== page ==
COP: The Successes and Failures of the Paris Agreement (Part 3) 

By Amy Denton, assistant editor of GLOBUS

Now that you’ve heard all about the Kyoto Protocol which some say paved the way for the Paris Agreement, let us explore the successes and failures of one of history’s most significant international environmental accords. But first, what is the Paris Agreement? 

The aim of the Paris Agreement is to limit global warming to below 2℃, but preferably to 1.5℃. It was the first ever universal agreement that legally binded nearly 190 countries to limiting climate change and was adopted in December 2015The key elements of the agreement were set out as: mitigation (reducing greenhouse gas emissions); transparency and global stocktake (countries must re-assess their progress every 5 years and report back to each other); adaptation (developed countries must provide support for developing countries to adapt); loss and damage (countries must recognise the importance of minimising and addressing the loss and damage caused by climate change and must enhance their understanding and action in implementing warning systems and emergency preparedness); recognising the role of cities, regions and local authorities in addressing climate change; support for other countries.  

The commitments that were outlined by the Paris Agreement are extensive compared to previous accords and have made it known as a success on the international stage. It has quasi-complete global support and provides much needed international recognition regarding the dangers of climate change and what we must do to combat them. There is also an emphasis on developed countries who can afford it to make the transition to renewable energy sources, as developed countries account for approximately 63% of greenhouse gas emissions, therefore, making the switch would in theory lead to a significant drop in emissions worldwide.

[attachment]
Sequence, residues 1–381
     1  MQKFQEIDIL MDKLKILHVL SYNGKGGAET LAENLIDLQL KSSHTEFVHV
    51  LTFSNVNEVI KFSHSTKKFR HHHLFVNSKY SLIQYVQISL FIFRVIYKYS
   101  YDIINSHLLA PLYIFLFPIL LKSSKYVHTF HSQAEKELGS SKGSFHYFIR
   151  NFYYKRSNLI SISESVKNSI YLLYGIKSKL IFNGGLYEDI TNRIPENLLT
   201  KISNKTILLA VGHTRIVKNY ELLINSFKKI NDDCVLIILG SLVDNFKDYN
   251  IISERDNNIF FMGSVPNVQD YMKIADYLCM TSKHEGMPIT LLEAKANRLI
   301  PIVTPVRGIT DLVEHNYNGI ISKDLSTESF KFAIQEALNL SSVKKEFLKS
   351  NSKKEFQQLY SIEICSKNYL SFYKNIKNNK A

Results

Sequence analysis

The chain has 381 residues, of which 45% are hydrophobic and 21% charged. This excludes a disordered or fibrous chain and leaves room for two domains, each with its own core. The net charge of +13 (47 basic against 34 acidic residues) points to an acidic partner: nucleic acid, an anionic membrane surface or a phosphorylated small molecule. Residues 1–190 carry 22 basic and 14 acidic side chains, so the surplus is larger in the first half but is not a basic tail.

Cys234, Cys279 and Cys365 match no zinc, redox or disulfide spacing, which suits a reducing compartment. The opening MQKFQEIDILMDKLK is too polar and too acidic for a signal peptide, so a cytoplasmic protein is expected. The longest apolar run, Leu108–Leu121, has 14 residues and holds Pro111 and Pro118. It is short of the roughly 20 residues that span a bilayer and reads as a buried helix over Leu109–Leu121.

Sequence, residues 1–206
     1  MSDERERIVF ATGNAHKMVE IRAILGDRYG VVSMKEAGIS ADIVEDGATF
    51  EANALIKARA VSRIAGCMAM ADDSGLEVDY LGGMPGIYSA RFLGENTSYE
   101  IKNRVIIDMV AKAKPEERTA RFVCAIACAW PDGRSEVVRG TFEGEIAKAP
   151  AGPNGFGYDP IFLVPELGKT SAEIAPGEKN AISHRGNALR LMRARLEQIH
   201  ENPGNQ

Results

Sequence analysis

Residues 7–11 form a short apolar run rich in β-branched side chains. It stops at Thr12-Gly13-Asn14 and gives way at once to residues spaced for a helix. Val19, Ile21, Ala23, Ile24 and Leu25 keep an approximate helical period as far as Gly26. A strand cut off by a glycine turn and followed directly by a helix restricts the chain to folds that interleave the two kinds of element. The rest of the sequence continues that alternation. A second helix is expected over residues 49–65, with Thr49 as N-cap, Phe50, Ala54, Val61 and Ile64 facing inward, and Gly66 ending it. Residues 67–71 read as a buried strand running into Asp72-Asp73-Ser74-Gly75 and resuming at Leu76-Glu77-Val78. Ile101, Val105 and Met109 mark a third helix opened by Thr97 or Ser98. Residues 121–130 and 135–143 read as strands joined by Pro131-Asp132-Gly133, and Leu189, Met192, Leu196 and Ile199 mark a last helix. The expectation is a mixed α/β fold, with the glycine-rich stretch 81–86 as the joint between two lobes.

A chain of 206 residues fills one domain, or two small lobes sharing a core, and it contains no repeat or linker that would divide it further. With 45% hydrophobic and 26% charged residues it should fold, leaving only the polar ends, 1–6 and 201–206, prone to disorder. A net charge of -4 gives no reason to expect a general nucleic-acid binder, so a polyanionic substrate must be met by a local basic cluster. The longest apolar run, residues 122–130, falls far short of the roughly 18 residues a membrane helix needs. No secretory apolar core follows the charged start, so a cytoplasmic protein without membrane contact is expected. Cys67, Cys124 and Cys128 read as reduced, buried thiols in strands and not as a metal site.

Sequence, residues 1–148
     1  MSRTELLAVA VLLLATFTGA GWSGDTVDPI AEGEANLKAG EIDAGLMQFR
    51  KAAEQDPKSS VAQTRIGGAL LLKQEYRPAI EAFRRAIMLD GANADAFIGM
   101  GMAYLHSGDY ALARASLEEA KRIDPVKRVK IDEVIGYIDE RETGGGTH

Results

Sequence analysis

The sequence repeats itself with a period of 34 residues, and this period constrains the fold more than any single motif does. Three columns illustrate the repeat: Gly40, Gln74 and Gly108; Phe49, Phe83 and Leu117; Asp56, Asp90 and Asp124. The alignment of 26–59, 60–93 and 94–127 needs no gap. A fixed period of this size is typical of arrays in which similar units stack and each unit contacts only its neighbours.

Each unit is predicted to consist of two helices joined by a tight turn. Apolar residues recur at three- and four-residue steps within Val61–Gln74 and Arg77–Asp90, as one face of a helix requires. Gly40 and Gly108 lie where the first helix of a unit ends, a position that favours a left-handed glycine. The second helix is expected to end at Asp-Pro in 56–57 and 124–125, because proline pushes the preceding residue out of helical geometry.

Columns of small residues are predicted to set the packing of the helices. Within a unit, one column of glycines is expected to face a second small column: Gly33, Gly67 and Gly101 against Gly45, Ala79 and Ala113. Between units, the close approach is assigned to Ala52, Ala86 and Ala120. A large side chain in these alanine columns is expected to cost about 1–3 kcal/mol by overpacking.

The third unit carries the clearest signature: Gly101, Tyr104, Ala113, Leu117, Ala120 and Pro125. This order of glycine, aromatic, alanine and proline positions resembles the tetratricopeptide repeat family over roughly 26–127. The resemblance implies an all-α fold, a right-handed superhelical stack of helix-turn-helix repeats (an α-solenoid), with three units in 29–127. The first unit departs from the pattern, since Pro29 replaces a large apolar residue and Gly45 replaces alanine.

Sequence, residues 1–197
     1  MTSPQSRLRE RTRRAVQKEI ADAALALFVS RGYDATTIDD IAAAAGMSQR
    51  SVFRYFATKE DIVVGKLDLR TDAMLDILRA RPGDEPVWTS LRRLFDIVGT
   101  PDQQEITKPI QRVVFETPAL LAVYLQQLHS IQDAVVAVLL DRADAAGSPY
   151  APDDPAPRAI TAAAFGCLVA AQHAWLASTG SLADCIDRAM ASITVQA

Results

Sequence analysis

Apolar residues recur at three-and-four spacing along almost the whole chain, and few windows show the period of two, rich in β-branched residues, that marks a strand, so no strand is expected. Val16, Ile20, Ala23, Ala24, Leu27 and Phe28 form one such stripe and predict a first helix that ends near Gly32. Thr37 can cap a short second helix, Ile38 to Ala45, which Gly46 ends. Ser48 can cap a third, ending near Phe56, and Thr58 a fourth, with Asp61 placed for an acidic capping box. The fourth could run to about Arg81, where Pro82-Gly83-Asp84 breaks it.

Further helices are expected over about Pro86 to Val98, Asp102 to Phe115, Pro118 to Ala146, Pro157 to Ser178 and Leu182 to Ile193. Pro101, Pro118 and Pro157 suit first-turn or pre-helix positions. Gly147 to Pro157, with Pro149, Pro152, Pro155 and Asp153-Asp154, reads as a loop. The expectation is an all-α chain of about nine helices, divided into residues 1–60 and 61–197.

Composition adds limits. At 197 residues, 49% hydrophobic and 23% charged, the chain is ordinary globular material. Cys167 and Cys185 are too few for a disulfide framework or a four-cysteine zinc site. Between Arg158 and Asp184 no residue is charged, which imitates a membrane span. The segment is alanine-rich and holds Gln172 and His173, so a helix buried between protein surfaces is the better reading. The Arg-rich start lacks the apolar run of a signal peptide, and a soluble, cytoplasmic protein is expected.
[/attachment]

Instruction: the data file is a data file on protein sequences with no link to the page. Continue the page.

If implemented perfectly, the agreement would also ensure that countries were held accountable for reaching their targets. However, there is a significant lack of accountability and repercussions for countries failing to meet their targets. As a result, those in the agreement can become free-riders, enjoying the benefits of keeping global temperature increase to a minimum, without making any changes themselves. This is a flaw in the agreement: it allows countries to ignore their pledges since no punishments will incur should they not be met. In order for the agreement to be totally successful, this would have to be addressed. Another issue is that experts are now saying that even if countries were to meet their current pledges, it may not be enough to limit the average global temperature increase to 1.5°C or even 2°C.  

Therefore, it seems to be that although the Paris Agreement was an extremely positive step in the right direction, the current pledges alone will not be enough to prevent catastrophic climate change. Countries must make their pledges more ambitious, and stick to them, or other protocols may need to be put in place. The next article in the series will explore the WCNF, which is Warwick University’s own climate negotiating forum – you don’t want to miss it! 

Header Image by Mika Baumeister, via unsplash 

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